Resort fees

When you’re booking a hotel for your trip, you might stumble upon resort fees that can take a significant bite out of your budget.

Resort fees are mandatory charges that hotels charge on top of the room rate. These fees supposedly cover amenities like pool access or Wi-Fi. Often resort fees range from $25 to $40 per night, but don’t be surprised if you find some hotels charging up to $100 or more.

Remember, these fees are usually not optional, even if you don’t use the amenities you are supposedly paying for. To avoid surprises, always check the fine print when you book.

Marriott Hilton Head Resort & Spa on sandy beach
Make sure you know if your hotel is charging you an extra fee every night as a “resort fee.” Marriott Hilton Head Resort and Spa. Photo: Plan, Ready, Go.

Credit card holds

When you check into a hotel, the front desk will often place a hold on your credit card. This is a security deposit to cover potential incidental charges like room service or damage. The amount can vary.

Be aware that these holds can tie up your funds while you’re traveling. Check with your hotel in advance about their hold policies to avoid surprises.

Car rental fees

When you’re planning to rent a car for your trip, there are a few extra fees that might sneak up on you. Knowing what to expect can help you budget better and avoid surprises.

Common rental car fees include:

  • State and local taxes
  • Facility charges
  • Vehicle license fee
  • Concession recovery fee

And these are in addition to the fees you can end up paying if you want to add a driver, pay for the extra insurance, or if you bring your car back excessively dirty, without a full tank of gas, or with damage.

TIP: Book your rental car through Costco Travel to get an additional driver for free.

Rear View Of Couple On Road Trip Driving Classic Convertible Car Towards Sunset

Parking fees

Don’t forget to consider the cost of parking—it can be a significant hidden expense. In city centers and near popular tourist attractions it’s not unusual for hotels to charge $30 or more per night for parking. If you’re staying multiple nights, these costs can quickly add up, affecting your budget as much as an additional night’s stay in the hotel. To avoid this cost, make sure you check that your hotel has free parking before you book.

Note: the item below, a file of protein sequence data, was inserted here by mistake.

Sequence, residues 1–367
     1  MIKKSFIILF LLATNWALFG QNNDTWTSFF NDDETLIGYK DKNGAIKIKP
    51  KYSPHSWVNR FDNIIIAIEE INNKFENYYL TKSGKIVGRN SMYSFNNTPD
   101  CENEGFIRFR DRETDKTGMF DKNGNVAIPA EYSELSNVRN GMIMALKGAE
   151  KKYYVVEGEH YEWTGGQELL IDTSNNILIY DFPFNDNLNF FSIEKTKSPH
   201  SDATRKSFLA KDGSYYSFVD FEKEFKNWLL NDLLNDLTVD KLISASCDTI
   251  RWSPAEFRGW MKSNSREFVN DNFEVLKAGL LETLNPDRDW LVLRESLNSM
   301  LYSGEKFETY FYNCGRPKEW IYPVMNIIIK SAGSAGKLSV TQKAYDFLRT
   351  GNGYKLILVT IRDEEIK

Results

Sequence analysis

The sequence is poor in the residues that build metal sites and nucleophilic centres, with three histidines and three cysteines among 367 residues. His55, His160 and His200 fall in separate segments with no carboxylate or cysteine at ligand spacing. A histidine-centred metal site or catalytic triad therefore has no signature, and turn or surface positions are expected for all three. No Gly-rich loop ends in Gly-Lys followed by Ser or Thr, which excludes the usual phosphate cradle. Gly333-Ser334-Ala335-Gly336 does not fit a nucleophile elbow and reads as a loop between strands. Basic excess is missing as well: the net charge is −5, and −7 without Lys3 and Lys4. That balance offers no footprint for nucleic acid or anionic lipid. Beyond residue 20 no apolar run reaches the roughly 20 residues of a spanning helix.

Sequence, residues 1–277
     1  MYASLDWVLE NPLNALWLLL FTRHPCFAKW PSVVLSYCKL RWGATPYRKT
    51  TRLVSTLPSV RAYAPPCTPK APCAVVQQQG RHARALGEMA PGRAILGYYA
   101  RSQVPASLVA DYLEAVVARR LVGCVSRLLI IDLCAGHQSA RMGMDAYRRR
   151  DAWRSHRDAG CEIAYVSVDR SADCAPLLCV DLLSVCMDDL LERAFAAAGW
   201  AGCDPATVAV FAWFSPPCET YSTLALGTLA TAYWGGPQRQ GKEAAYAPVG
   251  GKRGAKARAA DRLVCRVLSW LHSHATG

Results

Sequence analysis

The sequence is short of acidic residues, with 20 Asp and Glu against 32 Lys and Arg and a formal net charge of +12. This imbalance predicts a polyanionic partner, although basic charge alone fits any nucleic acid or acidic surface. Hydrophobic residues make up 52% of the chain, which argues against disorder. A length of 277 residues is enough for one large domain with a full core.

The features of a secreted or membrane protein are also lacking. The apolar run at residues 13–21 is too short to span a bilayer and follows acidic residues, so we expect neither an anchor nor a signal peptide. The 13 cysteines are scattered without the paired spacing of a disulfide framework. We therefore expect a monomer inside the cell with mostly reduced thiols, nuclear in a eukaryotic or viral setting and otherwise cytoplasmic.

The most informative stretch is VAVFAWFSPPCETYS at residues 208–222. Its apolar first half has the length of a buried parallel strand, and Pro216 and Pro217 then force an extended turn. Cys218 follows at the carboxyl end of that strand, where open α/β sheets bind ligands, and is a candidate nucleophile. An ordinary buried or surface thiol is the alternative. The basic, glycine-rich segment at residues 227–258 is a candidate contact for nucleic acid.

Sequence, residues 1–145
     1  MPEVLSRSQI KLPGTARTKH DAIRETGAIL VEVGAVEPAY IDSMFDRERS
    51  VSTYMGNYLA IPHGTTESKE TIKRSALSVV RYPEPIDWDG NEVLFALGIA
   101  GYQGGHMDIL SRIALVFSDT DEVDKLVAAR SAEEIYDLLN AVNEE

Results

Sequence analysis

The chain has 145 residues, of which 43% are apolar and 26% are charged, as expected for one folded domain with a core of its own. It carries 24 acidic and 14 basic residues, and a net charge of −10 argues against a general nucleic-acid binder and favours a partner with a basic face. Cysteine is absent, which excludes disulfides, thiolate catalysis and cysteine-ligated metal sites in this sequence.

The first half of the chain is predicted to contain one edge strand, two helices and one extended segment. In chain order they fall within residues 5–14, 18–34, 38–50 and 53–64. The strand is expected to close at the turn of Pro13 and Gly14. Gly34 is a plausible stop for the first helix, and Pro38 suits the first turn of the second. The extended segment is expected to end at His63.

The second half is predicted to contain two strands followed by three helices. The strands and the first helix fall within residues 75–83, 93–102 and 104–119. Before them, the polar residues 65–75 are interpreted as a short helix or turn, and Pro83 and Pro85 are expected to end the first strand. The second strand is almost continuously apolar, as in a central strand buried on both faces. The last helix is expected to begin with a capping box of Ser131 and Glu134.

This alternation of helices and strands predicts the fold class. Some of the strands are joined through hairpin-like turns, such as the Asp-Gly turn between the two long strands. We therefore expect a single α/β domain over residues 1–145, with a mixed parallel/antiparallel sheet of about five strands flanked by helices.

Public transportation, ride-sharing services, or walking to nearby attractions can help cut down on parking expenses as you explore your destination.

Travel insurance

This expense is something you need to plan for rather than try to avoid. Unexpected events can turn your trip upside down, and that’s where travel insurance comes in handy. It can cover a range of mishaps, from trip delays or cancellations to medical emergencies. And though unpleasant to think about, if you were to pass away while traveling, insurance can help with repatriating your remains back to your home country.

Most travel insurance policies offer protection for:

  • Trip cancellation: Reimbursement for non-refundable trip costs if you have to cancel because of illness, weather, or other covered reasons (make sure you read your policy).
  • Emergency medical coverage: Help with expenses if you get sick or injured while traveling.
  • Loss, damage, or theft of luggage/personal belongings: Reimbursement for covered personal items that are lost, damaged, or stolen while you’re traveling.
  • Trip interruption or delay: If your travel is delayed or you have to cut your trip short, you can recover some costs.

Though the added cost of travel insurance to your travel budget may seem like a larger up-front cost than you want to take on, the peace of mind of knowing that you, your trip, and your belongings are covered is well worth it in my opinion. Hubby and I always buy travel insurance when traveling internationally.

woman planning trip with a map and notebook

Miscellaneous travel expenses to be aware of

When you plan your travel budget, there are often overlooked expenses that can sneak up on you. Here are some examples:

  • Hotel or airplane Wi-Fi
  • Luggage lockers or storage
  • Specialized clothing or gear rentals
  • Visa fees
  • Tourism levies or taxes
  • Tips
  • Tolls
  • Reservation cancellation charges
  • Travel apps

It’s easy to overlook the less obvious expenses that can sneak up on you. As you plan your next trip, keep an eye out for hidden costs. To save money, being informed about these potential extra charges can help you sidestep them. Some, like travel insurance, you don’t want to avoid, but you will need to plan for them when budgeting for your trip.